As a species that depends so heavily on relationships, we cannot affirm that we are accountable only for ourselves. My decision to go to college is likely to affect my future grandchildren. If I were to go to jail, my entire family—living and unborn—would be affected. Thus, it is hard to argue that generational curses contradict or are even mutually exclusive with God’s love. To be human is to be connected, integrated into other peoples’ lives, and affected by the decisions that others make. Thus, because of this aspect of our natural humanity, the passing of sin’s impact through generations actually makes sense. 13th century Catholic theologian and philosopher St. Thomas Aquinas writes on the topic of generational punishment:
Consequently when a man is brought up amid the sins of his parents, he is more eager to imitate them, and if he is not deterred by their punishments, he would seem to be the more obstinate, and, therefore, to deserve more severe punishment.[vi]
God must address sins that pervade through generations because the influence of those sins still affects every individual in the family. The Bible describes this relational aspect of Christ’s body as such: “But God has put the body together…If one part suffers, every part suffers with it; if one part is honored, every part rejoices with it. Now you are the body of Christ, and each one of you is a part of it.”[vii] When humans sin, they affect other people to whom they are connected. Thus, must Christians sit down and repent for their ancestors’ sins?
One of Moses’ mandates for the new land was: “Parents are not to be put to death for their children, nor children put to death for their parents; each will die for their own sin.”[viii] While this verse tells Christians that they will never pay for the sins of their ancestors, the earlier verses we examined in Leviticus and Numbers told us that Christians will be punished as the children of sinners and that they should repent. Here, we see what seems to be a contradiction; however, if we take a look at the Hebrew translation of “punishing” in Leviticus and Numbers, we see that the “punishing” translates to paqadh, which more accurately means to “inspect, review, number, deposit, or visit in the sense of making a call.”[ix] If we revisit the Exodus verse (“for I, the LORD your God, am a jealous God, punishing the children for the sin of the parents to the third and fourth generation of those who hate me”) in this light, we see a more accurate representation of God revisiting and overseeing the sins of past generations.[x] According to Scripture, God is concerned with the numerous iniquities that inevitably follow Christians because of humanity’s natural embeddedness; in the Christian framework, sin percolates both within and outside of the human.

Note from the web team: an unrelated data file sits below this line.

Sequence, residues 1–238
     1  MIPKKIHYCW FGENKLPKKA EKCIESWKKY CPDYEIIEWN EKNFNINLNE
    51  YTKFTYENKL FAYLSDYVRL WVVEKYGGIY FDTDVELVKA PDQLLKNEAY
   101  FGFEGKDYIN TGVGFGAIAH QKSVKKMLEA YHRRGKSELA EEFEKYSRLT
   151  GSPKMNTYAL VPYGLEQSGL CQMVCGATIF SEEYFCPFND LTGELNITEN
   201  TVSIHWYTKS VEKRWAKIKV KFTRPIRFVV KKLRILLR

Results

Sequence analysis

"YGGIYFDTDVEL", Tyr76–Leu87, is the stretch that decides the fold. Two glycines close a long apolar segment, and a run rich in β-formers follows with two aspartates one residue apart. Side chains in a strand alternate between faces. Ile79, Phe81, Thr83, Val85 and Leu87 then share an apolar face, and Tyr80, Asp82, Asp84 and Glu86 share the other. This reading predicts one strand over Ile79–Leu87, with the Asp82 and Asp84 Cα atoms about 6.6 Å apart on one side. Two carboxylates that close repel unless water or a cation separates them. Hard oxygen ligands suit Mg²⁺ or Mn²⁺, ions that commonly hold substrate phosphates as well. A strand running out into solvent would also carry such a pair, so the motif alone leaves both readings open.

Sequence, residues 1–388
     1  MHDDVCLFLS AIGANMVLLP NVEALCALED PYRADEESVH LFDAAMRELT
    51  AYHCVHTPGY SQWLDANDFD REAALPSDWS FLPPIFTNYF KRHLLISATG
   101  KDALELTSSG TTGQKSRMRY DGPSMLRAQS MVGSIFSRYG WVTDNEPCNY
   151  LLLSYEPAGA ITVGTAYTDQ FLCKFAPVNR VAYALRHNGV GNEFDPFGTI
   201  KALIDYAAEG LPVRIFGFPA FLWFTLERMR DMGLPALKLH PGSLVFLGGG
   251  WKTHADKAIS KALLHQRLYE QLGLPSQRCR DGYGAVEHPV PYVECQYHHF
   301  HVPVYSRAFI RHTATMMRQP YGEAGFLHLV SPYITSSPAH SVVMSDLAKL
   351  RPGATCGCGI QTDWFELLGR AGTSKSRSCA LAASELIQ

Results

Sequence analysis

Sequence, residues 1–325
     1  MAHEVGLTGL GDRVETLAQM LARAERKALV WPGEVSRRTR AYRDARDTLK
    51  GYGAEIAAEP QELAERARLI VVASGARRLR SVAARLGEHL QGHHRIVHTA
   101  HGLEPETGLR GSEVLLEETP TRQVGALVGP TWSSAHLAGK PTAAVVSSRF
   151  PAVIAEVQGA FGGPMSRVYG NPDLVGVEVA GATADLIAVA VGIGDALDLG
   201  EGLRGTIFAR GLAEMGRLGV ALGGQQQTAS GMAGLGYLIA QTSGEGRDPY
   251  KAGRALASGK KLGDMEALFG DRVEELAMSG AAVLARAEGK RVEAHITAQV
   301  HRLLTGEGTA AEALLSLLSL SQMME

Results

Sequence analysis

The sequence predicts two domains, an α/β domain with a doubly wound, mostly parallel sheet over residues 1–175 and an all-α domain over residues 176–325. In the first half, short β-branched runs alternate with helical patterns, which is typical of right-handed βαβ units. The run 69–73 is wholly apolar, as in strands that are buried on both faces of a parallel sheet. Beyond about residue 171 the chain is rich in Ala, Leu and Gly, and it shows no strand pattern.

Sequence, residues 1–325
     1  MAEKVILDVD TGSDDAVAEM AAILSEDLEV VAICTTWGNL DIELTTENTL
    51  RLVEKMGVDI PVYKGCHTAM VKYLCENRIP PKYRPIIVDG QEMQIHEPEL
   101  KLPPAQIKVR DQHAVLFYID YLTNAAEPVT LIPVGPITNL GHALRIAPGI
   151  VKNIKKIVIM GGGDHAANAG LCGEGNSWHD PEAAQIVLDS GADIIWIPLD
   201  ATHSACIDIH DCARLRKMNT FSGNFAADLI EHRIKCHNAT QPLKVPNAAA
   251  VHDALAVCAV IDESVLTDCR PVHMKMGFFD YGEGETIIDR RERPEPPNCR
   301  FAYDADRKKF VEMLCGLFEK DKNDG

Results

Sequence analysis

While Moses’ commandment for the new land frees children from the sins of their ancestors, they still must deal with the rippling consequences of sins throughout generations. Children will not be put to death for their parents; in other words, children will not be directly punished for the sins of their ancestors. Rather, the subtle difference is that we suffer consequences of those sins even though we do not directly pay for those sins. Again, back to my earlier example; if I go to jail for stealing, my children will not go to jail with me, but they will have to live without a father. As another example, mankind still deals with the sins of Adam and Eve; people suffer every day with the consequences of sin running rampant on Earth because both Adam and Eve directly disobeyed orders from God and chose to be their own rulers. Their lack of trust and subsequent folly released sin into the world and affects us today.